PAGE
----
Tuesday, March 1, 2011

Roasted Lamb- Was it worth the wait?

I know, it looks picked over, but the waitress tore it apart! -Roasted Oven Lamb.

One of our many eating adventures in Spain that has me longing for more... Yes, it was worth it...did the long line give away how good it was? Or was it the fact Haro only had a few restaurants open for lunch, and this was the longest line?

The big meal is often eaten between one and four o'clock in the afternoon in some areas of Spain. Or you have a big meal later in the day, after eating tapas and wine at local bars around four or after.

We were staying in the Rioja region, my son had headed back to Madrid to return home, and being up early to take him to the train station...well, we were really hungry by the time we finished exploring.

The food gods were looking down on us, because this was one of the most unique places we had seen in the villages. They have been around for one hundred years. The line was out the door and around the corner, but we were told it would only be about fifteen minutes...over a half hour later I was still talking it up to hubby, but he agreed...the food was worth it. The entertainment of watching the lamb go in, and coming out helped keep you engaged. A few people around us spoke some English, so we practiced our bad Spanish.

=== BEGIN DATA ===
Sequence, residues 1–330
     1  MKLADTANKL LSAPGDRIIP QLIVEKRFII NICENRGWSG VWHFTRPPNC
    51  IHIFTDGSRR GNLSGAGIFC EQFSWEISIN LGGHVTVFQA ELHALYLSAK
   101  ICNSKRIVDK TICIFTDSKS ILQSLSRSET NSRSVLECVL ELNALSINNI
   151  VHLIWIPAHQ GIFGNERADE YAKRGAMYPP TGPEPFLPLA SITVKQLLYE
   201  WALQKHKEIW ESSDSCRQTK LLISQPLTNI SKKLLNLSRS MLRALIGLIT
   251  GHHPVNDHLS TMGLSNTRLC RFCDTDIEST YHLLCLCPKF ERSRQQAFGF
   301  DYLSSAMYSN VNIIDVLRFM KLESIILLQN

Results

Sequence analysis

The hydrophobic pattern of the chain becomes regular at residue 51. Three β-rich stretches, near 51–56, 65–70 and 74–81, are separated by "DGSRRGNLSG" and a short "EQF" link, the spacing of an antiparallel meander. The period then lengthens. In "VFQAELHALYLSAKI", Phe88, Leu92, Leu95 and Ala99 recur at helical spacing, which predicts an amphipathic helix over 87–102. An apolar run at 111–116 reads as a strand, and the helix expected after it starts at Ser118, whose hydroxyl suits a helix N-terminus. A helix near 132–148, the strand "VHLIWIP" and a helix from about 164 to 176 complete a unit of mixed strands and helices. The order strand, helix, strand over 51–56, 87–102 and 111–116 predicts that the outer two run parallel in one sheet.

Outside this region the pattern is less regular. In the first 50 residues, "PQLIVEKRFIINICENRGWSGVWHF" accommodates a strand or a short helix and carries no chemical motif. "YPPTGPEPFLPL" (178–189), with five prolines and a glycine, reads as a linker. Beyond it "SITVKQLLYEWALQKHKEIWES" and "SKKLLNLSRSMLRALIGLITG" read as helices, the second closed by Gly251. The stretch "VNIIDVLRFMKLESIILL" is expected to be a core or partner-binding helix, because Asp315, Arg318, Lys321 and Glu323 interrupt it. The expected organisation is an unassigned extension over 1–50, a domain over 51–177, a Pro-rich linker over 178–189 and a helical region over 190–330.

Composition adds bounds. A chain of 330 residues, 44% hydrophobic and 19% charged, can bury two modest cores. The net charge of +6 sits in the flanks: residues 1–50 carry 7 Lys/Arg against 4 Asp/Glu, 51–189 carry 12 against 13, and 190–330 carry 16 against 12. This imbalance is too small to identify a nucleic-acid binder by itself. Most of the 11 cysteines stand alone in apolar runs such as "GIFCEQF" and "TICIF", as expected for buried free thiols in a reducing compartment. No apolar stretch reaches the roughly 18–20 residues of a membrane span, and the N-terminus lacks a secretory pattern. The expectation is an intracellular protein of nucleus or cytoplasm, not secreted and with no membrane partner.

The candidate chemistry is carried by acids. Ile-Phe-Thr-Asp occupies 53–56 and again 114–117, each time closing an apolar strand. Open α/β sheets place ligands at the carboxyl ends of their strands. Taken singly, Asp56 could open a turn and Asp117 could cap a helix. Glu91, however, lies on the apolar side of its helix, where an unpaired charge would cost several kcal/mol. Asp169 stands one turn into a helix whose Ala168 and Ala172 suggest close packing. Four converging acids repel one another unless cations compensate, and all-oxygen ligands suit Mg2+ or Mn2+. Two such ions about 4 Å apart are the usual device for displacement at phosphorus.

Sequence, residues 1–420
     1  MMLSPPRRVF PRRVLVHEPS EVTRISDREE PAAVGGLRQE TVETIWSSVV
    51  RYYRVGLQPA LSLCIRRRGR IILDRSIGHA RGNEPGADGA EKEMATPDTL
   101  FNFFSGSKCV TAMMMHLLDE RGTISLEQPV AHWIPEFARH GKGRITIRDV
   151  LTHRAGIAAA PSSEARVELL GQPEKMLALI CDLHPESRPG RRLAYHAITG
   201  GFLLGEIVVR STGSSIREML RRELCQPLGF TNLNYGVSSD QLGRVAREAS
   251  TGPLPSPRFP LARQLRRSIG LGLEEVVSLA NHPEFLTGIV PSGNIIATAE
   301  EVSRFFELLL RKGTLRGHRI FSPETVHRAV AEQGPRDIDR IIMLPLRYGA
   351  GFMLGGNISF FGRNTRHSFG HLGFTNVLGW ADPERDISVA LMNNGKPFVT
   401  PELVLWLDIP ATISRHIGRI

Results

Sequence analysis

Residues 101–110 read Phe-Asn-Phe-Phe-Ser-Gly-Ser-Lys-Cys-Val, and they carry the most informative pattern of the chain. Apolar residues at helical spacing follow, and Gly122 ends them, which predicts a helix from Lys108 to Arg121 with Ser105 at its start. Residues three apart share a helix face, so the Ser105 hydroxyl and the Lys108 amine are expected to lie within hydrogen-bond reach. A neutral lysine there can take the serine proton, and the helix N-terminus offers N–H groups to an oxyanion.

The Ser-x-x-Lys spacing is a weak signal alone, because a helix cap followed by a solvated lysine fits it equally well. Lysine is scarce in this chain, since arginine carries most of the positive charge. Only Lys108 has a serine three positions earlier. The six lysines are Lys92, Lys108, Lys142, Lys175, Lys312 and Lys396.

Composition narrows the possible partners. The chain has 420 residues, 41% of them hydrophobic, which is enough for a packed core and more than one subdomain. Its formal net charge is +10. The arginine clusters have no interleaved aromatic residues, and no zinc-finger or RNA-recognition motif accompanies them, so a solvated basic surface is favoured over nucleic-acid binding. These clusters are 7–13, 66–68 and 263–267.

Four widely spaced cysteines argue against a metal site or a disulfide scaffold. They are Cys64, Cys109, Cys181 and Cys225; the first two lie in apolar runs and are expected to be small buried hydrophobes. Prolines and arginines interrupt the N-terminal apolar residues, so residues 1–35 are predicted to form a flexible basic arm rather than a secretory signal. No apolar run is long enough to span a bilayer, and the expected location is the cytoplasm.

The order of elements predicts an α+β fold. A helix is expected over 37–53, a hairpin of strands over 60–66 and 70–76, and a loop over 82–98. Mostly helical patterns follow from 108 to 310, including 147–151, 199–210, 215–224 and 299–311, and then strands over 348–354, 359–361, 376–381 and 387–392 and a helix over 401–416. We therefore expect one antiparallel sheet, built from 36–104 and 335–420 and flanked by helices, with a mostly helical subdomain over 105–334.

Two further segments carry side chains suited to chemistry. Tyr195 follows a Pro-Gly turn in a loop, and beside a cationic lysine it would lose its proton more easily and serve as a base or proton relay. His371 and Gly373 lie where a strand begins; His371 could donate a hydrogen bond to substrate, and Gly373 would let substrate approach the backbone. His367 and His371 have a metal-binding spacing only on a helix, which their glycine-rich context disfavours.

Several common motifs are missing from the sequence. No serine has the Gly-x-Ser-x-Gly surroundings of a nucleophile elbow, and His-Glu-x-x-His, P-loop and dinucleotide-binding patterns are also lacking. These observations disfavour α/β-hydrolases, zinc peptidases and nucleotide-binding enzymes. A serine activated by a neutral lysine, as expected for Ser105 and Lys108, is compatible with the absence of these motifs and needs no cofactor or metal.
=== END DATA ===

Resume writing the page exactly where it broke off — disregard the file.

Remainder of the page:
The family passes down the business from generation to generation, and this is one great investment. They also make their own wine locally. Something you cannot buy in the Undited States.

A meal is served around the plate of lamb, depending on how many are sitting at the table, and then all sides are family style. I was intrigued by the oven. A complete stone encased wood burning oven. I wished some bread or pizza had been on the oven, we would have taken some to go for our dinner!

The server brings the lamb to the table on a wooden board (the clay bowl is hot!) and removes the meat from the bone for you...there was so much we asked with our GPS language helper for a doggy bag...lost in translation as she returned with simply a plastic bag...so we figured out how to say 'To Go', and she boxed it up.

Upon leaving I purchased a clay plate for my own fancies, and will share my own leg of lamb meal I recently cooked. This plate is bigger than a Moroccan Tagine, the same affect, but more room for ingredients to go around the lamb for flavor. I obviously do not have a wood burning oven to give the lamb that crisp outside like we enjoyed at Restaurante Terete.

Location- Haro is a locality and Spanish municipality, located to the northwest of the Autonomous Community of La Rioja, being head of its region homónima and the most important population of denominated High La Rioja. It is contiguous with the province of Burgos by Montes Obarenes to the North and with Álava by the Ebro to the East.

Did I mention how fantastic the wine was? We are enjoying a bottle with the lamb meal I made right now...if I remember correctly, we had two bottles at lunch...gosh how did I drive back to the hotel...